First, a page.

The lawyer for the family of a pilot who crashed, killing himself and two passengers near Taupo, says there had been previous problems with navigational beacons on the approaches to the town's airport.
Steven Brown and Bernie and Christine Lewis died when their plane crashed into Mount Tauhara on the approach to the airport in February 2005.
At the Rotorua District Court on Wednesday the Brown family's lawyer detailed a list of problems experienced by Air New Zealand planes flying into Taupo.
Philip Grace says that from Air New Zealand reports, it appears there was a deviation in the directional beacon of up to 15% and this was happening 50% of the time.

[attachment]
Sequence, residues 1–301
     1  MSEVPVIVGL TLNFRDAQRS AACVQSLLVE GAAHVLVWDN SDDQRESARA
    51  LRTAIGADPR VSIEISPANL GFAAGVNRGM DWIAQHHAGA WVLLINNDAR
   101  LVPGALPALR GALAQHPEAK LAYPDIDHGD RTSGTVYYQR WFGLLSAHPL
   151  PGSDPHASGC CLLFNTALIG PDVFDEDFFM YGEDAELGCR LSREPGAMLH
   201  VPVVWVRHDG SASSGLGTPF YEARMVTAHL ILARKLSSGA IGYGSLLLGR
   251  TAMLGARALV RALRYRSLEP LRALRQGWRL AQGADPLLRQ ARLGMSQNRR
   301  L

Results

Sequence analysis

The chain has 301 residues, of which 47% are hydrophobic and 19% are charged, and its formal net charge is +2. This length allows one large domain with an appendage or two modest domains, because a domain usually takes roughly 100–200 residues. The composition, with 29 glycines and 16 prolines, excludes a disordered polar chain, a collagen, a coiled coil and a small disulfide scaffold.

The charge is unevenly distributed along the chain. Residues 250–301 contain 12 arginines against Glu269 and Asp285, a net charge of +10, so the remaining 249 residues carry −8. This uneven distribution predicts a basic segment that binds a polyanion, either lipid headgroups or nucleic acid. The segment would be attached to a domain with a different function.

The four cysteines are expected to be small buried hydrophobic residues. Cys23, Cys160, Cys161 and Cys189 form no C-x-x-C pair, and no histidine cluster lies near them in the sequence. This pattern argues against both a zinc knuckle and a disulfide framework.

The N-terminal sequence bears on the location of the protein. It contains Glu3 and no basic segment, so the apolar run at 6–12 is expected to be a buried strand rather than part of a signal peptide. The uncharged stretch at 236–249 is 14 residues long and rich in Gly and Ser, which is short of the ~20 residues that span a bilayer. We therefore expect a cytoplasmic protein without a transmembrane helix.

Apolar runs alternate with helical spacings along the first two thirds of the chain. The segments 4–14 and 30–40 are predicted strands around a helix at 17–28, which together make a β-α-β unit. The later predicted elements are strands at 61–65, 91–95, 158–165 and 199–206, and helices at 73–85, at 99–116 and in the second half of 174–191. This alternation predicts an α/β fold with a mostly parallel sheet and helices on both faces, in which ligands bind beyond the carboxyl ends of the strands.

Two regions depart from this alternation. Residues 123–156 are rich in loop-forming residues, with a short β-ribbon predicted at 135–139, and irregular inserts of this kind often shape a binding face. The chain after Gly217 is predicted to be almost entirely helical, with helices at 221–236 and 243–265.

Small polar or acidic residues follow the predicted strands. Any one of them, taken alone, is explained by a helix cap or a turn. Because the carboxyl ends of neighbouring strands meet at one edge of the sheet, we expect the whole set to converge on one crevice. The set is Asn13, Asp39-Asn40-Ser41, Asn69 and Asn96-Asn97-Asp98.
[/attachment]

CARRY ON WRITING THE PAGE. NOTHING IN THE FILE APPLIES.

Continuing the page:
Mr Grace says it included an incident in 2001 when a plane with 17 on board missed hitting Mount Tauhara only after pilots took visual control.
He says it appears the information was not shared outside Air New Zealand, or with regulatory agencies.
Coroner Wallace Bain says it is his preliminary view that if the problem had been fixed, the Mr Brown and the Lewises would not have died.
Call for overhaul of CAA
The son of a couple who died when their charter plane crashed into a Taupo mountain seven years ago wants a complete overhaul of the Civil Aviation Authority (CAA).
The inquest on Wednesday was told a blood sample indicated that it was possible the pilot had used cannabis within 48 hours of his death. Mr Brown also suffered from a heart condition.
Mark Lewis told Radio New Zealand's Checkpoint programme on Wednesday the Civil Aviation Authority needs to be overhauled and health regulations for pilots tightened.
Mr Lewis says regulations also need to be enforced and regularly reviewed.